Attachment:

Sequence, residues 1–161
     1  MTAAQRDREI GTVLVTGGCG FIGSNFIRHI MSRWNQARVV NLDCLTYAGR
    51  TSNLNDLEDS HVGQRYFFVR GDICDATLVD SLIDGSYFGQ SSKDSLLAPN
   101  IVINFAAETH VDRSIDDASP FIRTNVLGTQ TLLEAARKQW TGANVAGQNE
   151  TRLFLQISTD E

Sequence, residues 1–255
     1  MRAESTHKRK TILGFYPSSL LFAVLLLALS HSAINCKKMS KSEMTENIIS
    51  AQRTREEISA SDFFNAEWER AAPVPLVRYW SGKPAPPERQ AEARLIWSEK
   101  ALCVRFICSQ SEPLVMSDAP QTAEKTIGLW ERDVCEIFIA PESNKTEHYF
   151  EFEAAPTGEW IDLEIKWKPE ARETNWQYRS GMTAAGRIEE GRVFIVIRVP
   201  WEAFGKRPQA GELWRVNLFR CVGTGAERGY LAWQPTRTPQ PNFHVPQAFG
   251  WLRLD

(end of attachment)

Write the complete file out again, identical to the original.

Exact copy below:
Sequence, residues 1–161
     1  MTAAQRDREI GTVLVTGGCG FIGSNFIRHI MSRWNQARVV NLDCLTYAGR
    51  TSNLNDLEDS HVGQRYFFVR GDICDATLVD SLIDGSYFGQ SSKDSLLAPN
   101  IVINFAAETH VDRSIDDASP FIRTNVLGTQ TLLEAARKQW TGANVAGQNE
   151  TRLFLQISTD E

Sequence, residues 1–255
     1  MRAESTHKRK TILGFYPSSL LFAVLLLALS HSAINCKKMS KSEMTENIIS
    51  AQRTREEISA SDFFNAEWER AAPVPLVRYW SGKPAPPERQ AEARLIWSEK
   101  ALCVRFICSQ SEPLVMSDAP QTAEKTIGLW ERDVCEIFIA PESNKTEHYF
   151  EFEAAPTGEW IDLEIKWKPE ARETNWQYRS GMTAAGRIEE GRVFIVIRVP
   201  WEAFGKRPQA GELWRVNLFR CVGTGAERGY LAWQPTRTPQ PNFHVPQAFG
   251  WLRLD